Brandon Brooks thought of a good way to describe what it's like to play in a loud atmosphere and still hear the quarterback.
Ever been in a large crowd, but can still hear your mom?
"You know what it is," Brooks said. "You can hear her voice. It's the same way with Carson. So as loud as it is, you're trained to listen to him. Unless it's like an airhorn in your ear, you're gonna hear his voice out of everything or at least hear bits and pieces of it. It's loud, don't get me wrong. But when you're playing you can tune that out a little bit and at least hear Carson and communicate back and forth."
The Eagles are about to go into a pretty big crowd on Sunday night against the Seattle Seahawks. While some of the prestige of CenturyLink Field has been lost in recent weeks, it's still a really tough place to play.
The Eagles found that out last season, when they lost there, 26-15, to kick off a five-game losing skid.
But this Eagles team is obviously much better than the team that lost in Seattle a year ago. While the Seahawks don't seem like the same dominant team again this season, the Eagles are the best team in the NFC. And having played in Seattle last year ought to help.
"It's a huge help," Wentz said. "We went into there last year, heard all about it, knew what to expect. It's definitely loud. It's quite the atmosphere. It's a fun place to play. I think most guys have been there now, so I think that will pay dividends in our week of prep, knowing how much we need to emphasize hand signals and communicating things non-verbally."
Frank Reich brought up an interesting point earlier this week. There's always a lot made about the crowd noise in Seattle, The 12th Man and all that. But "in another respect, loud is loud, and once you're using the silent count, you're using a silent count," Reich said.
The Eagles have had plenty of practice with the silent count this season. While they won just one game on the road in 2016, they're already 4-1 on the road this year as they kick off a three-game road trip this weekend. They've played in Washington, Kansas City, L.A., Carolina and Dallas.
They're at a place now where they're really comfortable with their silent count. Last season, Pederson said they can get so comfortable going silent that it actually becomes weird when they finally hear a live voice again.
"We feel really good with it," Wentz said. "I personally always prefer to play at home and use the cadence, but you can always use the silent cadence as a weapon as well. We feel really confident with it. We've used it enough this year with that road stretch earlier in the year, where we feel good with it."
For the last two seasons, the trio of Brooks, Jason Kelce and Wentz have kept the silent count working. It's Brooks' job to tap Kelce on his left side to trigger the snap, though Eagles have plenty of silent procedure mechanisms to trigger the snap. The key is to switch them up.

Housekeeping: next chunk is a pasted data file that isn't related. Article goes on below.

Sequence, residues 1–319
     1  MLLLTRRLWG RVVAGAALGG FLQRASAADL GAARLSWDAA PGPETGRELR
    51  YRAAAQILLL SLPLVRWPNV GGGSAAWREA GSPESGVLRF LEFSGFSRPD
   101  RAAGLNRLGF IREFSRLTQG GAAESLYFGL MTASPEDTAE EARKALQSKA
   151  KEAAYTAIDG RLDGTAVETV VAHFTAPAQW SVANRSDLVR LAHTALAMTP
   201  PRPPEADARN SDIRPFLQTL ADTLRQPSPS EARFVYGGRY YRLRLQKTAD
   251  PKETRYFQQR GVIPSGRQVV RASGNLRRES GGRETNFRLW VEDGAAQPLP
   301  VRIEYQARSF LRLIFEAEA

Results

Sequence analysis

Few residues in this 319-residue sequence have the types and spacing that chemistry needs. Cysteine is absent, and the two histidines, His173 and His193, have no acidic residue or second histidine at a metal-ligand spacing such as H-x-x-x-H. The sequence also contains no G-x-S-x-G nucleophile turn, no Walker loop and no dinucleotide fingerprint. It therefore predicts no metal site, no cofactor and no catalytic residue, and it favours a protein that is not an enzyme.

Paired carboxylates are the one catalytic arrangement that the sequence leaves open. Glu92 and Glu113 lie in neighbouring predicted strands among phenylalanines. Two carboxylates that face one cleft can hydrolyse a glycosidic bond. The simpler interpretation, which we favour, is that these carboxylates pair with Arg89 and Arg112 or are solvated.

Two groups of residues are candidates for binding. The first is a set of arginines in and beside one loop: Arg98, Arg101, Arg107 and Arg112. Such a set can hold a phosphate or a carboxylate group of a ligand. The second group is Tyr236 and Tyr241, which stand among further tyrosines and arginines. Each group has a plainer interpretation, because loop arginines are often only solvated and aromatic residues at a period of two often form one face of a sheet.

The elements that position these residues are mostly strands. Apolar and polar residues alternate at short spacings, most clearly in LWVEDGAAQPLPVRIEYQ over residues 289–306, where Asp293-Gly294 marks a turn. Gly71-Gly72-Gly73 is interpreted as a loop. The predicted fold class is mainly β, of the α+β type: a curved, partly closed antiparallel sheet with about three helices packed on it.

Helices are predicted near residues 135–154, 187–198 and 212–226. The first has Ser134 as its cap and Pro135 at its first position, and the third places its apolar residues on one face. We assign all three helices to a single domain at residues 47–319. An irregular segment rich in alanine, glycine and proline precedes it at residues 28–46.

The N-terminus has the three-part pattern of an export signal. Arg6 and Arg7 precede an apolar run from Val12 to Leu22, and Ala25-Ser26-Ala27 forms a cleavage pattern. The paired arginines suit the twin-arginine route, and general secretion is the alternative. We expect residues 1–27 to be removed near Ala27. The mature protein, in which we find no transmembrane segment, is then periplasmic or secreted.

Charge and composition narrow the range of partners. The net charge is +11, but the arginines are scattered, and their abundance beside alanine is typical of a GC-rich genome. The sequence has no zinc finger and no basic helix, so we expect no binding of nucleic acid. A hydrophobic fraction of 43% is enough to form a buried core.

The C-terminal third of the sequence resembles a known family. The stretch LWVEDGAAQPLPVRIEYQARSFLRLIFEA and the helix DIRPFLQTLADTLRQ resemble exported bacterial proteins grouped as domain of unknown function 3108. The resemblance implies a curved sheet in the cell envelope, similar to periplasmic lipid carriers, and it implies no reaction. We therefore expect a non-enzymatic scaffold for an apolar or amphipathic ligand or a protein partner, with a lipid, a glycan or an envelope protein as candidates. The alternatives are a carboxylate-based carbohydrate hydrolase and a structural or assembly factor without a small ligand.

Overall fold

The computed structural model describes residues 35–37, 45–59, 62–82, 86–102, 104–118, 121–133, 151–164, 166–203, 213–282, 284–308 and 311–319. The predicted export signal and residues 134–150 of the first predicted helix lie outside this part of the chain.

Going to the silent count can sometimes be more difficult on tackles, tight ends and receivers. They can't use listening as a crutch. Instead, they have to keep an eye on the ball.
That can be a problem for players like Lane Johnson, who really relies on getting off the ball and getting into his stance quickly. While he's watching the ball, he has to also be aware of what the defender in front of him is doing. He can't let the defensive end slide away from him while he's busy paying attention to the football.
"The thing is, you kind of have to see where the end is and sometimes they'll squeeze down, a blitz might be coming," Johnson said. "A lot of things are going on. That's the toughest thing."
When the Eagles are preparing for a road game like this, they begin using that silent count in practice early. It's something Brooks said he can't really work on individually; it is an emphasis during team periods of practice. The Eagles will likely practice inside on Friday to get some exposure to crowd noise.
While CenturyLink Field has earned its reputation as a loud and tough place to play, the Seahawks have looked much more vulnerable at home lately. After winning their first four games at home this season, they have lost the last two in their own nest — to Washington on Nov. 5 and Atlanta on Nov. 20.
If the Eagles beat them there, it will be the first time the Seahawks have lost three in a row at home since the 2008 season.
Are they worried about teams no longer having that fear of playing there?
"No, I don't care about that," Seahawks coach Pete Carroll said on a conference call earlier this week. "I don't think anybody is fearing anything. We're just playing football. We play at a good place and we gotta play well when we're here. If we do the right stuff and play well, then the results are what they are. I don't think it has anything to do with fear. And I don't care about that at all."